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Hurricanes, tax reform could delay 2018 tax season


Where the heck has 2017 gone? The countdown clock over in the ol' blog's right column is steadily ticking away the time left until Dec. 31, the deadline for most moves that could affect this year's taxes.

The Internal Revenue Service, however, has its eyes on November, which is just little more than a week away.

The start of that 11th month effectively is the cutoff date for the federal tax agency to get ready for the next year's filing season.

If the IRS can't get some certainty as to how to update forms, instructions and operational processes, the start of the 2018 tax season could be affected.

And that could mean filing and refund delays for taxpayers.

Already slowed by hurricane tax changes: "As we get closer to November, it's going to be difficult," IRS Commissioner John Koskinen told attendees Oct. 19 at the fall conference of the Council for Electronic Revenue Communication Advancement (CERCA) in Arlington, Virginia.

Koskinen remarks, reported by Tax Notes (subscription required), were specifically addressing the challenges his agency is facing in accommodating the tax needs of, and special tax relief offered to, disaster-stricken U.S. taxpayers.

The Disaster Tax Relief and Airport and Airway Extension Act of 2017 was signed into law on Sept. 29. It modifies several tax provisions and rules for individuals and businesses in areas affected by Hurricanes Harvey, Irma and Maria.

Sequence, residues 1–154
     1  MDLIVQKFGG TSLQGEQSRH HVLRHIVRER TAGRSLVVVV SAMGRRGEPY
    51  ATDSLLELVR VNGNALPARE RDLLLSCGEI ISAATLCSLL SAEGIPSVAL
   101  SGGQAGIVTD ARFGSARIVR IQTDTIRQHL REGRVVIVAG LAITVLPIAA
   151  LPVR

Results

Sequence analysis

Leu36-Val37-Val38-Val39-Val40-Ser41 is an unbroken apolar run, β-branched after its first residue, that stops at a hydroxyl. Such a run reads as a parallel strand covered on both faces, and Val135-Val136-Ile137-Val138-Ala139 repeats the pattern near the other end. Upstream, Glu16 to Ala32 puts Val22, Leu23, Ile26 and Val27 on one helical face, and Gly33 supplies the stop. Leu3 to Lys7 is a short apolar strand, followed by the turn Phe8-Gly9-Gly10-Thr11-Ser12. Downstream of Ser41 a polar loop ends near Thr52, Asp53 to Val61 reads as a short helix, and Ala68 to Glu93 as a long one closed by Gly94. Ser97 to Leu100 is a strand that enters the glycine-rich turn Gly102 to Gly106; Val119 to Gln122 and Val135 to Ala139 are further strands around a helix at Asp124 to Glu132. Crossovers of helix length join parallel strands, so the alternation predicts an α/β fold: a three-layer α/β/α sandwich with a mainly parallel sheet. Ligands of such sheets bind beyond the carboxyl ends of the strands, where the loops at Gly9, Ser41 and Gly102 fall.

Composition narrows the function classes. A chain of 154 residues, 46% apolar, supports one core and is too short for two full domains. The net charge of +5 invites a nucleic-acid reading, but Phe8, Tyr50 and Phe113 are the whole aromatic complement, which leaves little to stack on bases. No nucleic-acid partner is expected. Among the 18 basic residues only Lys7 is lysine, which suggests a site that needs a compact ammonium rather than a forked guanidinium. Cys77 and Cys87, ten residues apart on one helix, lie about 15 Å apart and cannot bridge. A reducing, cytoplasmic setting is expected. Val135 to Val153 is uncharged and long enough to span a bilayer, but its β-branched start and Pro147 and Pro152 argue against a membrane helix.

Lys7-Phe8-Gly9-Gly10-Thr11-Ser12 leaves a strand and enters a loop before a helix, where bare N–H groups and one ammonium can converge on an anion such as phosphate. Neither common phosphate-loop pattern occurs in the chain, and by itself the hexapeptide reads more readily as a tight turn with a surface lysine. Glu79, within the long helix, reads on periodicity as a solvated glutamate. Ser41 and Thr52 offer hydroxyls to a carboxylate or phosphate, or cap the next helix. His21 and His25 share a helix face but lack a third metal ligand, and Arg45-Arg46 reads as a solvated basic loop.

The tax changes related to those storms that the IRS is now working to implement so that there aren't problems next filing season include:

  • early withdrawals and loans from retirement plans,
  • employment-related tax credits,
  • deductions for charitable contributions,
  • deductions for personal casualty losses, and
  • income requirements for the earned income tax credit and the child tax credit.

Tax reform could be troublesome, too: But wait. There's possibly more.

The IRS has got to be watching with some trepidation Capitol Hill's attempt to make major changes to the Internal Revenue Code.

A tax reform outline was released Sept. 27 by Republicans who control Congress, but many components — including when any tax changes might be effective — still are unclear.

The official due date for more details isn't until Nov. 13.

Even with such a compressed schedule, White House budget chief Mick Mulvaney said Sunday, Oct. 22, during an appearance on Fox News that it is "absolutely" realistic to have a tax reform bill on the president's desk by December.

House Ways and Means Chair Kevin Brady (R-Texas) agrees with Office of Management and Budget (OMB) Director Mulvaney's full speed ahead approach.

In his own Fox News interview, Brady said the House could take up the Senate's budget without going through the usual House/Senate conference committee process. House passage of the Senate's budget, said Brady, would then "clear the way" for Ways and Means to act on tax reform.

Haste could make tax waste: The legislative timetable that Mulvaney, Brady and other GOP members of Congress is aiming for could be quite problematic for the IRS, especially if the final bill makes changes that apply retroactively to the dwindling 2017 tax year.

William Hoffman in his Tax Notes article points out the IRS' concerns:

Koskinen said that in recent years he has told congressional tax writers, "If you give us time, we can do almost anything." Starting around December 1, the tax agency usually shuts down its systems to make and test changes for the coming tax return filing season, he said. …